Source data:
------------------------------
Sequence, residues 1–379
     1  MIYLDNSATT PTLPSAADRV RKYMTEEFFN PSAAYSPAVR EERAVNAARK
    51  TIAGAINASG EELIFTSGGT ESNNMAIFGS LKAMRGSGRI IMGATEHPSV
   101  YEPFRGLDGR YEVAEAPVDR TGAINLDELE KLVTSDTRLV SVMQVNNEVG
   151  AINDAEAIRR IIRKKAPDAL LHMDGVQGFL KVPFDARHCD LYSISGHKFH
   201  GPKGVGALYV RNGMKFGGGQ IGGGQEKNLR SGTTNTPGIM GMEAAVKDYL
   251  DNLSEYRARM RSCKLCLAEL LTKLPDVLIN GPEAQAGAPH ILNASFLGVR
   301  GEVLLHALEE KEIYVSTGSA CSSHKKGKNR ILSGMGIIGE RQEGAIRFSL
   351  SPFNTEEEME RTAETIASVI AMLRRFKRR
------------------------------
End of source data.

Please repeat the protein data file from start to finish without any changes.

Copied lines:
Sequence, residues 1–379
     1  MIYLDNSATT PTLPSAADRV RKYMTEEFFN PSAAYSPAVR EERAVNAARK
    51  TIAGAINASG EELIFTSGGT ESNNMAIFGS LKAMRGSGRI IMGATEHPSV
   101  YEPFRGLDGR YEVAEAPVDR TGAINLDELE KLVTSDTRLV SVMQVNNEVG
   151  AINDAEAIRR IIRKKAPDAL LHMDGVQGFL KVPFDARHCD LYSISGHKFH
   201  GPKGVGALYV RNGMKFGGGQ IGGGQEKNLR SGTTNTPGIM GMEAAVKDYL
   251  DNLSEYRARM RSCKLCLAEL LTKLPDVLIN GPEAQAGAPH ILNASFLGVR
   301  GEVLLHALEE KEIYVSTGSA CSSHKKGKNR ILSGMGIIGE RQEGAIRFSL
   351  SPFNTEEEME RTAETIASVI AMLRRFKRR